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									CSE341: Programming Languages
           Lecture 17
Implementing Languages Including
            Closures

           Dan Grossman
            Winter 2013
  Typical workflow
                                                   Possible
   concrete syntax (string)                        errors /
 "(fn x => x + x) 4"                               warnings
                                        Parsing


abstract syntax (tree)                   Call

                         Function             Constant              Possible
                          x         +              4                errors /
                                                                    warnings
                              Var       Var
                                                              Type checking?
                               x         x

                                                     Rest of implementation

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Interpreter or compiler
So “rest of implementation” takes the abstract syntax tree (AST)
and “runs the program” to produce a result

Fundamentally, two approaches to implement a PL B:

• Write an interpreter in another language A
  – Better names: evaluator, executor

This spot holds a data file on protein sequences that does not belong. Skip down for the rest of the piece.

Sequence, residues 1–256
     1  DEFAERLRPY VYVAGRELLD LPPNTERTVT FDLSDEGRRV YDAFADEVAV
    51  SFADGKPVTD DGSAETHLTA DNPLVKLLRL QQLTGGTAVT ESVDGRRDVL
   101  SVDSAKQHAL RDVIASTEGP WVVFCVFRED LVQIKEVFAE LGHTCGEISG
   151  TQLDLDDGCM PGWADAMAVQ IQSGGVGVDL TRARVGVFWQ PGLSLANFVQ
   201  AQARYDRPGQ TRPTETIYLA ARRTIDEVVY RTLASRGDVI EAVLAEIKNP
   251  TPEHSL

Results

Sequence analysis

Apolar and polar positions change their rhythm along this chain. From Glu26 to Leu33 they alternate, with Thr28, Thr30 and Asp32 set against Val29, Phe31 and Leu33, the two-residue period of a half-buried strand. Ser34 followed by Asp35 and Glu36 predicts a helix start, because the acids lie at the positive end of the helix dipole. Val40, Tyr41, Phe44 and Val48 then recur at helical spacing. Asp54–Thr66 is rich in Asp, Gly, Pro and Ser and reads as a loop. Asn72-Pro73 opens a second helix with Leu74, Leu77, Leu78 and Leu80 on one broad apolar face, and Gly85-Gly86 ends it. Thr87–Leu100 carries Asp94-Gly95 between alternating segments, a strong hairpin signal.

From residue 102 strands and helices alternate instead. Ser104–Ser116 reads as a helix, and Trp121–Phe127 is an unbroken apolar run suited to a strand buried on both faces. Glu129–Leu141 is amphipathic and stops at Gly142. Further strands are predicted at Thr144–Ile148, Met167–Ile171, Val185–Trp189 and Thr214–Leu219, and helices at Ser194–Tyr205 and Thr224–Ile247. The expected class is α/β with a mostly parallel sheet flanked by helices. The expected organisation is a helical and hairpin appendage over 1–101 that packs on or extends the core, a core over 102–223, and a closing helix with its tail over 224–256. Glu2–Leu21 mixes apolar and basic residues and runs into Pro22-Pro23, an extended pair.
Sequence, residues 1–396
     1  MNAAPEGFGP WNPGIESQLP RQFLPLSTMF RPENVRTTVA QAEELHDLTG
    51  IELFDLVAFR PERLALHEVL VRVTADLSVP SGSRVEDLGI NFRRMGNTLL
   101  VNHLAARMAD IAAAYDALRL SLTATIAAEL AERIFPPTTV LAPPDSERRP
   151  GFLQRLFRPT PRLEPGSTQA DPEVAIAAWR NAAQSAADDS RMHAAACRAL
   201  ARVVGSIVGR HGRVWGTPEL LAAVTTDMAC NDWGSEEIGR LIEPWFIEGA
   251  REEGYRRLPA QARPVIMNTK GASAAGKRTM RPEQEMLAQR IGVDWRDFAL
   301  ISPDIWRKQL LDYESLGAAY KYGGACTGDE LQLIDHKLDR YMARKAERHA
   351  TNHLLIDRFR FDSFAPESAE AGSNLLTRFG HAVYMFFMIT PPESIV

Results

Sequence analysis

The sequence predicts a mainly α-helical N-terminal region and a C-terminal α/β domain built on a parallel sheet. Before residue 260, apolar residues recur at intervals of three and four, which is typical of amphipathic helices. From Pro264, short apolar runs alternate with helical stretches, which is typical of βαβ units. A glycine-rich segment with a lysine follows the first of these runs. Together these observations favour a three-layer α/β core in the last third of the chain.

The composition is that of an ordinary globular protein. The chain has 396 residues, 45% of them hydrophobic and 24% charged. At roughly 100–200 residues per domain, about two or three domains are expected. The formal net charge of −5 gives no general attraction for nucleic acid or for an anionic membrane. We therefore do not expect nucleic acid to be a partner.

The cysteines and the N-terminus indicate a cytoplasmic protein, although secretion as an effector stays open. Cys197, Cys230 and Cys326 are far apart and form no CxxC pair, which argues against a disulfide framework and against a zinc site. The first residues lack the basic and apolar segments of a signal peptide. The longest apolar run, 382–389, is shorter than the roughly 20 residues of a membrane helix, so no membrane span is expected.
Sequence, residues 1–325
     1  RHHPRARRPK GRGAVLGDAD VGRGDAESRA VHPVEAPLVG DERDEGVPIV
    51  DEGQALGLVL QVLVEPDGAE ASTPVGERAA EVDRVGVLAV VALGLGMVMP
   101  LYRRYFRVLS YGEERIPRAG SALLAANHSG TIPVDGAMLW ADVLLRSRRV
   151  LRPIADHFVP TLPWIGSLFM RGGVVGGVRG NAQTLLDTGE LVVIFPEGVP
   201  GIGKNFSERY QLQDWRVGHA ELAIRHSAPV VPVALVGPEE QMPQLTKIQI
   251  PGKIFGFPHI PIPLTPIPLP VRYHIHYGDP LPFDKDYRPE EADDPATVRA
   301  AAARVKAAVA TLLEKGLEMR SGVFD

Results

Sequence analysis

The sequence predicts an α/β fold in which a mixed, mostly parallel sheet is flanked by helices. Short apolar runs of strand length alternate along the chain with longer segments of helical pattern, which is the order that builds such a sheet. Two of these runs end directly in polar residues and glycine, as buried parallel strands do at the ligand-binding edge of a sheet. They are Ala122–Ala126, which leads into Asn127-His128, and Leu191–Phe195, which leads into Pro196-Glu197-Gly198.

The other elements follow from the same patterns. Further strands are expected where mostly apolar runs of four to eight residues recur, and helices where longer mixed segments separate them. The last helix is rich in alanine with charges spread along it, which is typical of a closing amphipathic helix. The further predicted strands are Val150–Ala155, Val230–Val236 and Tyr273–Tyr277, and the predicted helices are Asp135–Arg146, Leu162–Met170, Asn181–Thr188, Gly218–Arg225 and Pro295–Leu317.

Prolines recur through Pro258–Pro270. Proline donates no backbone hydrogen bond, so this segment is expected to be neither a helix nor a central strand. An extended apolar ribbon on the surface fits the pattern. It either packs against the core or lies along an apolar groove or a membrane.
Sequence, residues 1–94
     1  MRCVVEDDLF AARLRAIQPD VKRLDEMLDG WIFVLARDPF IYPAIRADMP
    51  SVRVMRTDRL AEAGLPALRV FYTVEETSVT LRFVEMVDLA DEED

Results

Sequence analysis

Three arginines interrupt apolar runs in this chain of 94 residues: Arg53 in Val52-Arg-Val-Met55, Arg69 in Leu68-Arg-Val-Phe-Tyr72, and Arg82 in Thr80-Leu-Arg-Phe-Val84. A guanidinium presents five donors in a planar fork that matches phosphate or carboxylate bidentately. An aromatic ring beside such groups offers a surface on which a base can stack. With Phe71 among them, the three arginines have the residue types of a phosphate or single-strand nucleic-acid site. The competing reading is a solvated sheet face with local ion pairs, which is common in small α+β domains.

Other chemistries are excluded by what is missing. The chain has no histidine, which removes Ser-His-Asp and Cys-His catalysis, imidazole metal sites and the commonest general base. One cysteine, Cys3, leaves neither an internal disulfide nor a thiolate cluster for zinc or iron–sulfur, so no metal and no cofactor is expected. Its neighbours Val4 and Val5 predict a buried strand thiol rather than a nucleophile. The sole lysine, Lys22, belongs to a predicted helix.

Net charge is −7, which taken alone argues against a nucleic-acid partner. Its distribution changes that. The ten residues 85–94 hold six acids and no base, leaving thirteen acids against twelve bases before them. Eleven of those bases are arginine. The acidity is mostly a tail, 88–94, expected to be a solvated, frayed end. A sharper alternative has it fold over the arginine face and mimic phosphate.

– Take a program in B and produce an answer (in B)

• Write a compiler in another language A to a third language C
  – Better name: translator
  – Translation must preserve meaning (equivalence)

We call A the metalanguage
   – Crucial to keep A and B straight
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Reality more complicated

Evaluation (interpreter) and translation (compiler) are your options
   – But in modern practice have both and multiple layers

A plausible example:
    – Java compiler to bytecode intermediate language
    – Have an interpreter for bytecode (itself in binary), but
      compile frequent functions to binary at run-time
    – The chip is itself an interpreter for binary
        • Well, except these days the x86 has a translator in
          hardware to more primitive micro-operations it then
          executes

Racket uses a similar mix

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Sermon

    Interpreter versus compiler versus combinations is about a
 particular language implementation, not the language definition

So there is no such thing as a “compiled language” or an
“interpreted language”
     – Programs cannot “see” how the implementation works

Unfortunately, you often hear such phrases